Interview | Giving Balkans


The coronavirus has had (and still holds) a massive impact on each of us, and every living being has different mechanisms of dealing with it. The same is the case with nonprofit organizations – each with unique experiences overcoming obstacles and adapting to new pandemic circumstances.

That is why we singled out additional four examples of nonprofit organizations and associations from Albania, Bosnia and Herzegovina, Montenegro, and Serbia. Our recent interviews revealed how the pandemic crisis has affected their work over the past two years and how their collective has changed.

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Interviews with many nonprofit organizations across the Western Balkans during the current and the previous year provided us with a slightly clearer insight into how they are coping with the aftermath of the pandemic. What do their regular activities look like? How did they proceed with the implementation of their programs? How demanding was it to move from the physical to the online world without denying the many forms of support they provide to their users?

You will find some of the answers in this text, where the Association MoSt from Croatia, Žene Bara from Montenegro, KRIK from Northern Macedonia, and Kosovo Women's Network enabled us to learn some of the examples of practices used in the region, as well as ways to adapt to new rules of the COVID-19 virus pandemic.

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Coronavirus significantly affects human lives and poses a threat to our health and society as a whole. The global threat of the Covid-19 virus motivated and inspired the company Nextsense from Skopje to contribute to joint efforts in the fight against the global pandemic. To support global efforts to stop coronavirus spread, Nextsense has developed contact tracking technology and provides it free of charge to other countries.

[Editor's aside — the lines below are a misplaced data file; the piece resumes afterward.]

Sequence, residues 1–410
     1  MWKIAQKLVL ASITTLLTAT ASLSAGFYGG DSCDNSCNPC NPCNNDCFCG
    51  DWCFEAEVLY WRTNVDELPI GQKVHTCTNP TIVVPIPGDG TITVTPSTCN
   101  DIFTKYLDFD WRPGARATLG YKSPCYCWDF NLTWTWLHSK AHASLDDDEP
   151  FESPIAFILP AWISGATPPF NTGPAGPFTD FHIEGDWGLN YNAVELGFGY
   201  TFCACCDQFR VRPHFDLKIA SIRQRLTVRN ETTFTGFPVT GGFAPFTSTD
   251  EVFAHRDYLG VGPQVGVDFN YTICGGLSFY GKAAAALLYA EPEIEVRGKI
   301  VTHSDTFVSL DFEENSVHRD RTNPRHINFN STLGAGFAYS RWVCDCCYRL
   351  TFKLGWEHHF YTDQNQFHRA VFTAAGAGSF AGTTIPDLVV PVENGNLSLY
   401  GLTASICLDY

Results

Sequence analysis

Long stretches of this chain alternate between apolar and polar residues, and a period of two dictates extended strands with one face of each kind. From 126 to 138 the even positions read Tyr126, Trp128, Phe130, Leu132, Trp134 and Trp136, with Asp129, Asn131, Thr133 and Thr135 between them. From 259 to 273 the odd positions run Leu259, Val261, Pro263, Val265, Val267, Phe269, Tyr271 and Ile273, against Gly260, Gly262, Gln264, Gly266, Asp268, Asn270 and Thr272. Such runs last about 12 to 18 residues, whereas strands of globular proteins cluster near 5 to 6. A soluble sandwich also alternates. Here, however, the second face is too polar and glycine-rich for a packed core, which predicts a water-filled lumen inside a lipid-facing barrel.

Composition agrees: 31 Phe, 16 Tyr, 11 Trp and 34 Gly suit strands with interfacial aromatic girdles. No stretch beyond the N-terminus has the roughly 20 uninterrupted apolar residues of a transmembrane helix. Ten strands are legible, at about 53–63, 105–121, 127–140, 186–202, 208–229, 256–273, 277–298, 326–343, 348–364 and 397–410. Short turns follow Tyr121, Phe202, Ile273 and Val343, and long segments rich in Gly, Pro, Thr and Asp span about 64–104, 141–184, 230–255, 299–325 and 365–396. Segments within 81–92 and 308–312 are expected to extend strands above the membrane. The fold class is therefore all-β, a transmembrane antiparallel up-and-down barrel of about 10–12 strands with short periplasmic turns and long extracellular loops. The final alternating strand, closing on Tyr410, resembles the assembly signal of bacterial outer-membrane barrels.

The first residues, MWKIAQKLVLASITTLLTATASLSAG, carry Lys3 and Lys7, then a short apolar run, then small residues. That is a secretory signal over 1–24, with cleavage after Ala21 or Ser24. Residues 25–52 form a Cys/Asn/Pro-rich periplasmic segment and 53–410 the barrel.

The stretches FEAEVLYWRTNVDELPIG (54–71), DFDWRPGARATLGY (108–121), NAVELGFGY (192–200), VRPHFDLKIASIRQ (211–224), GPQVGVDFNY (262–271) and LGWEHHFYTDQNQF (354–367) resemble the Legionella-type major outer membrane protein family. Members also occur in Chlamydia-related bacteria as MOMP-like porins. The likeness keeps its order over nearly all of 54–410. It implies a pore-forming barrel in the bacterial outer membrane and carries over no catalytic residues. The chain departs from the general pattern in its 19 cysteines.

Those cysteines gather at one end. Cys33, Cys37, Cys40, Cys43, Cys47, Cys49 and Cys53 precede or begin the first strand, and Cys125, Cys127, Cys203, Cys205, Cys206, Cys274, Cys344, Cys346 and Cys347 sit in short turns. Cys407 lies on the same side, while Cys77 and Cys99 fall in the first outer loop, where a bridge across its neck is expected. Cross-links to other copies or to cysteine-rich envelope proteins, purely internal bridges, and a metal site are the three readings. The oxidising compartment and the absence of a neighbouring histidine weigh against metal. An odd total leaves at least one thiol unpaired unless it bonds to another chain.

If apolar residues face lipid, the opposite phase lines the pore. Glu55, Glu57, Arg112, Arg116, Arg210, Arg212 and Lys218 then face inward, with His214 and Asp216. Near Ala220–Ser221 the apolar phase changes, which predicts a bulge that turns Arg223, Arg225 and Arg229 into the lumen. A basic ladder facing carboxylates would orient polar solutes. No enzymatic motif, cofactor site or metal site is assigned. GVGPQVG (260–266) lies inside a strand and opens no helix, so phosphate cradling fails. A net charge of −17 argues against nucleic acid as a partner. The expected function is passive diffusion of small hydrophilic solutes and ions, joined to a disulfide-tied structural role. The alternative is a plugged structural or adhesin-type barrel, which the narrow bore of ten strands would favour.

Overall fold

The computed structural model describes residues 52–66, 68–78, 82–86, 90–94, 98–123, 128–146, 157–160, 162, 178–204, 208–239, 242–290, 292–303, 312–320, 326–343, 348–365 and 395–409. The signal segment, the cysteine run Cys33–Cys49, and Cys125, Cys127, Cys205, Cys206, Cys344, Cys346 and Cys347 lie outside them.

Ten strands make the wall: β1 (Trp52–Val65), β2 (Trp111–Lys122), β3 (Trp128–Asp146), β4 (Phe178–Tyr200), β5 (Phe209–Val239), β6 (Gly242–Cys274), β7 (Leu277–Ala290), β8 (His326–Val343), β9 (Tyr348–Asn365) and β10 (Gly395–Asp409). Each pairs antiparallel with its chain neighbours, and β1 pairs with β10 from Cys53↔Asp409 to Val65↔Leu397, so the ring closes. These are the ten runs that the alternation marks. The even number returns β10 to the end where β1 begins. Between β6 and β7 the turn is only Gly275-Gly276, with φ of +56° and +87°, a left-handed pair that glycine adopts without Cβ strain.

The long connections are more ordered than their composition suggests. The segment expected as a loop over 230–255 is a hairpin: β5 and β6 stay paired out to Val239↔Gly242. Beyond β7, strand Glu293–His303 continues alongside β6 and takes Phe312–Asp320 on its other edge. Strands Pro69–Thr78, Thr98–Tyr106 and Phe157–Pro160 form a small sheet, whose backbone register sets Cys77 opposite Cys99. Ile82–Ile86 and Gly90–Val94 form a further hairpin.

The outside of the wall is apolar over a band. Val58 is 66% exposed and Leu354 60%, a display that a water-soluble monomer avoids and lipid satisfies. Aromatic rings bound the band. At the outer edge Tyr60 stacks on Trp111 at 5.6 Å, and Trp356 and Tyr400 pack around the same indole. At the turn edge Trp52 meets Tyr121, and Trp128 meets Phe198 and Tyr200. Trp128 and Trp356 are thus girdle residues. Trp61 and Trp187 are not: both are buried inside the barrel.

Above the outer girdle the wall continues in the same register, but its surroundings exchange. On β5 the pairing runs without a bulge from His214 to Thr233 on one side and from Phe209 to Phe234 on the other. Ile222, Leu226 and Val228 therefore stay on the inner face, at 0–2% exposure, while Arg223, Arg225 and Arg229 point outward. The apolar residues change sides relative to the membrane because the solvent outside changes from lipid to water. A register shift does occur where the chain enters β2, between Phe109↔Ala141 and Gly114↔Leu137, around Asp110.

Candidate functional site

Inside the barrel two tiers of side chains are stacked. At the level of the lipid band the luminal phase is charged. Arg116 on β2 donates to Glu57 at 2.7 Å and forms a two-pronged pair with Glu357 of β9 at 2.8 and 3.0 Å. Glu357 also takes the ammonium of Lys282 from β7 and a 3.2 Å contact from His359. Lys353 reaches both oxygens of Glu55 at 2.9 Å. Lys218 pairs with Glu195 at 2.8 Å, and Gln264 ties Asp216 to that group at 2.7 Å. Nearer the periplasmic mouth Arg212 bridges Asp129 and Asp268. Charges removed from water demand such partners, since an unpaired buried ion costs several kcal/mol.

Nextsense donated its technology to Northern Macedonia and Hungary, which was implemented in mobile applications for tracking contacts, in addition to the government's measures in the fight against the Covid-19 pandemic.

Northern Macedonia has implemented the StopKorona! app to track contacts. Additionally, Hungary has launched the VirusRadar mobile app to allow health authorities to identify potentially exposed people more quickly and break the coronavirus transmission chain, preventing a potential new epidemic.

Let's find out more about their contribution from the app's creators.

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As the Covid-19 virus is still present in our lives, we reviewed nonprofit organizations from the region, which explained to us in 2020 and 2021 how the pandemic affected their work, daily activities, and lives in general.

It is possible that some of their systemic adaptations to new circumstances inspire other organizations that encounter this text to devise new ways or apply some of the existing examples in their program activities.

In today's text, you will be able to get to know some of the prominent organizations from the Western Balkans and their methods of adapting to the new normality.

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Informal group Ženski solidarni front formed spontaneously when a group of motivated women felt the need and obligation to respond to the effects of the pandemic their local community in Vranje suffered. They gathered around the idea to organize a grand charity ball and bazaar in order to raise money for children whose parents had died of COVID-19.